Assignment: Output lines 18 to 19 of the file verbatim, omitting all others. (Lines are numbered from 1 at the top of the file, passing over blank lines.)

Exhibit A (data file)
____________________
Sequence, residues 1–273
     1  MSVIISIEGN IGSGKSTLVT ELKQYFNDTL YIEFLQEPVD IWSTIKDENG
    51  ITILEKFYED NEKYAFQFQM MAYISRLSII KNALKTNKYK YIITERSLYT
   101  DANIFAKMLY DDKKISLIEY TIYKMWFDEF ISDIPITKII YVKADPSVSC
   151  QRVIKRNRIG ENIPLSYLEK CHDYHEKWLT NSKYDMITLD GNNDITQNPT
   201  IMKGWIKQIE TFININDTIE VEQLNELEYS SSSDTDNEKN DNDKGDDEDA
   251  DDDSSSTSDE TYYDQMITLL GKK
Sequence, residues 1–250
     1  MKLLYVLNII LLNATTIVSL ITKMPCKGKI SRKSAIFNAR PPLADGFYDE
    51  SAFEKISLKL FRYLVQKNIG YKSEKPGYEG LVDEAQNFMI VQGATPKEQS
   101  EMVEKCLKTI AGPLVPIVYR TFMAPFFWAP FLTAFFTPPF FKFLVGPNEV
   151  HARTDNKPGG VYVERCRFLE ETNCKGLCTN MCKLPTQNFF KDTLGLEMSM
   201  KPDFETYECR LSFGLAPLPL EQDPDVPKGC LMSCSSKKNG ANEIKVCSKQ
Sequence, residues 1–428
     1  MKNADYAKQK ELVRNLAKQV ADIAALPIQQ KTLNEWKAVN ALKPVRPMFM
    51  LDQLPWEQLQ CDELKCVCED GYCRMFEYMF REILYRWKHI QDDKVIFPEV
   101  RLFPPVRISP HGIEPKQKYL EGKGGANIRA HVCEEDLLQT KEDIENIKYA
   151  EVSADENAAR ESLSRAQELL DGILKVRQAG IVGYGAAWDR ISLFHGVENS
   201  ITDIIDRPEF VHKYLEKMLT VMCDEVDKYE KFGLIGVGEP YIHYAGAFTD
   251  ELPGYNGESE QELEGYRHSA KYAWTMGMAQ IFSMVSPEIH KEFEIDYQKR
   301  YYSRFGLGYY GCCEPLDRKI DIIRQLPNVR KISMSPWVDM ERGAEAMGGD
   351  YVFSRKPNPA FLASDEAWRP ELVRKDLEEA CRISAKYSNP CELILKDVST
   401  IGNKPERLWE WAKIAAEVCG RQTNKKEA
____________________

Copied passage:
   151  EVSADENAAR ESLSRAQELL DGILKVRQAG IVGYGAAWDR ISLFHGVENS
   201  ITDIIDRPEF VHKYLEKMLT VMCDEVDKYE KFGLIGVGEP YIHYAGAFTD